The industry associations' reactions to the Reserve Bank of India's (RBI) credit policy, announced on October 31, have been mixed.
The president of Federation of Indian Chambers of Commerce and Industry (FICCI), Saroj Kumar Poddar, said that the announcement of a hike in the repo rate by 25 basis points, the third time in a row, would raise the cost of capital for industry.
“At the current stage of turnaround in industrial growth, the RBI move will adversely affect the growth process. It is bound to pinch small and medium enterprises much more as fund raising becomes costlier,” said Poddar.
He said that while the move to contain inflation was welcome, care should be taken to ensure that the policy instruments did not impact the interest rate scenario.
The Confederation of Indian Industry (CII) President R Seshasayee welcomed the announcement. “The RBI’s credit policy provides the right compass to take the economy forward," he said. "While the 25 basis-point increase in the repo rate will sound the required note of caution on liquidity, leaving the bank rate and the reverse repo rate unchanged signals the RBI’s commitment to growth. Industry is particularly impressed with the bold steps taken by the RBI in liberalising the capital account.".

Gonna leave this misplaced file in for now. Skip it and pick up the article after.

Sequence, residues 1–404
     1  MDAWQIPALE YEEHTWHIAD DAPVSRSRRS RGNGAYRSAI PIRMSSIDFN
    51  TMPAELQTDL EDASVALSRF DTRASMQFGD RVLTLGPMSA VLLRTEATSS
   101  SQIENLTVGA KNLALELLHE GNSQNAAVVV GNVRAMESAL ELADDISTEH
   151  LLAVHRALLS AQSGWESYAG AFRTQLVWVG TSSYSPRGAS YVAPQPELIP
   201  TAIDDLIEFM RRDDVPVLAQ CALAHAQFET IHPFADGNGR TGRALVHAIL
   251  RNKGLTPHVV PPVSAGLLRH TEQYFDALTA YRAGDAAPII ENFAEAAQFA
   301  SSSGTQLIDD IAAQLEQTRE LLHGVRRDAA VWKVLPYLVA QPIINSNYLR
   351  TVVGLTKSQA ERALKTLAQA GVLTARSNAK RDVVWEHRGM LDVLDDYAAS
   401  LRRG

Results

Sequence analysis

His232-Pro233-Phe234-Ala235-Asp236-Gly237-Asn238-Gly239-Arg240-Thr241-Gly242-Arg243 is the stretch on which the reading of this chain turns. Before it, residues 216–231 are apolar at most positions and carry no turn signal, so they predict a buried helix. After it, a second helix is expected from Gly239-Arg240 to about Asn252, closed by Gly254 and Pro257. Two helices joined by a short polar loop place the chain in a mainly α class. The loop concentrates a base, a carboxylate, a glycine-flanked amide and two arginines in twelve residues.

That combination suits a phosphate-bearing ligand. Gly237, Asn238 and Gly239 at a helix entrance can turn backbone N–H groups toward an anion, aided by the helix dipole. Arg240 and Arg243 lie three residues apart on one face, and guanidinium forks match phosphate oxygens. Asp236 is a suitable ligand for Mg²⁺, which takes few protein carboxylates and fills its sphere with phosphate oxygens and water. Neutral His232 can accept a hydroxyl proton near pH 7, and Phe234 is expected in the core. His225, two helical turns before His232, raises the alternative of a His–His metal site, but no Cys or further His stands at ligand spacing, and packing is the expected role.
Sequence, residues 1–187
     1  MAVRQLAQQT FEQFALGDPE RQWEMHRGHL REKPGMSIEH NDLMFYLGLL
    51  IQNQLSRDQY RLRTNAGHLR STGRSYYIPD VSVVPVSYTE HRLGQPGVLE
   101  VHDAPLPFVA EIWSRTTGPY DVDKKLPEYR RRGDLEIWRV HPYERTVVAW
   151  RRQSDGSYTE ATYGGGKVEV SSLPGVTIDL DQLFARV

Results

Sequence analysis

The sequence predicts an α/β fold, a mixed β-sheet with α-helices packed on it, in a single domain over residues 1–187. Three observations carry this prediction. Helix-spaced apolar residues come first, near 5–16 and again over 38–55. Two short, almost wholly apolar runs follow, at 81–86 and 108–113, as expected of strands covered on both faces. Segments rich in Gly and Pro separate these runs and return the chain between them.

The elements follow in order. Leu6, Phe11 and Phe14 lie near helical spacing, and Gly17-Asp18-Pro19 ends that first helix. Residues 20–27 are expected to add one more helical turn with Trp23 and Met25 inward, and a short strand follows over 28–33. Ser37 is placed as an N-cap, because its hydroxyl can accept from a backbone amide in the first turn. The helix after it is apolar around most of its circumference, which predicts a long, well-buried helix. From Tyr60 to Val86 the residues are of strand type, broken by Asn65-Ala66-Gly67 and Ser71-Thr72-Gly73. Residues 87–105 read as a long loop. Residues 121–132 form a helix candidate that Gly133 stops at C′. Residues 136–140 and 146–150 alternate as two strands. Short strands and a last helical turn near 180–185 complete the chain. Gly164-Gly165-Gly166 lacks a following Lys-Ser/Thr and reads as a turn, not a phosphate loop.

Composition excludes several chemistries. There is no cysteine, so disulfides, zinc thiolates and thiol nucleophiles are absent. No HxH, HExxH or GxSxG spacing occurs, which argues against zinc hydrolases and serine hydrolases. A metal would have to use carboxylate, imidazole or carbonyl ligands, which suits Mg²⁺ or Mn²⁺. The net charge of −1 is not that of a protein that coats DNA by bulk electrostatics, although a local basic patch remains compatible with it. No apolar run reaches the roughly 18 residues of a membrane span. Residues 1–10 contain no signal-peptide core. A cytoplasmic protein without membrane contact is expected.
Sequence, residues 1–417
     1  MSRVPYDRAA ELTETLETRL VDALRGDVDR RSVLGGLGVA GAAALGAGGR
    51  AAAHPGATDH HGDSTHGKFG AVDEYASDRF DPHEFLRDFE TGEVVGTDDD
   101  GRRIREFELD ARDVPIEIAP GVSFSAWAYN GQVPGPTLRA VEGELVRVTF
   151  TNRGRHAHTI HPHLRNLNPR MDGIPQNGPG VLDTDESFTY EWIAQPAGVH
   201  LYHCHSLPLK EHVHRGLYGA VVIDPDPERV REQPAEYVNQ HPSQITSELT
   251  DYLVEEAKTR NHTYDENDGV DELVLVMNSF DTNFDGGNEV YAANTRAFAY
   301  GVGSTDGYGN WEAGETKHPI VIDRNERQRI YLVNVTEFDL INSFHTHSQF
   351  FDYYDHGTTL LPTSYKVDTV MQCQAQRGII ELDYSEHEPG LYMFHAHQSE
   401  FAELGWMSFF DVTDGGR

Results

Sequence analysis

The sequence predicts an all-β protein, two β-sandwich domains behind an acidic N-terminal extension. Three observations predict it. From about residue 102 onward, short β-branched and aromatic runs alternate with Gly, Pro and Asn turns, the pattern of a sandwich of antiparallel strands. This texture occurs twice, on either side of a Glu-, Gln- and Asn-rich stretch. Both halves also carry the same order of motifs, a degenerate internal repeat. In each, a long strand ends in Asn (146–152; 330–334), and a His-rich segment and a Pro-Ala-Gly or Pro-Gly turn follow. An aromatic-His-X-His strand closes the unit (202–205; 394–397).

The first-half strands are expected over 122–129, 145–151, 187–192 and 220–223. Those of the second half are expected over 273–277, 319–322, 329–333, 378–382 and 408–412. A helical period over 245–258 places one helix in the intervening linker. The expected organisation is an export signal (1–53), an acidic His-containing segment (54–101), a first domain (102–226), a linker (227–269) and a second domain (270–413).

"The RBI has introduced a number of measures, which are a signal of a more liberal attitude to capital account convertibility. Pre-payment of ECBs up to $ 300 million from the previous $ 200 million without prior approval of the RBI is a right move. This would give greater flexibility to the corporate sector in pre-payment of their external commercial debts," said the CII President.
Assocham President Anil K Agarwal said that the RBI had done a balancing act on credit policy. “The fact that the RBI has chosen to maintain stable lending rates, including those for home loans, while maintaining growth momentum is a good sign,” Agarwal said.
Sushma Berlia, president of PHDCCI, welcomed the overall stance of monetary policy “to ensure a continuation of the growth momentum while reinforcing price stability”. She, however, felt that the increase in the repo rate would lead to a hardening of the interest rate structure. “Taking into consideration the comfortable level of inflation, higher growth in aggregate deposits to 20.7 per cent and marginal decline in non-food credit to 30.5 per cent, the hike in repo rate should have been avoided,” she said.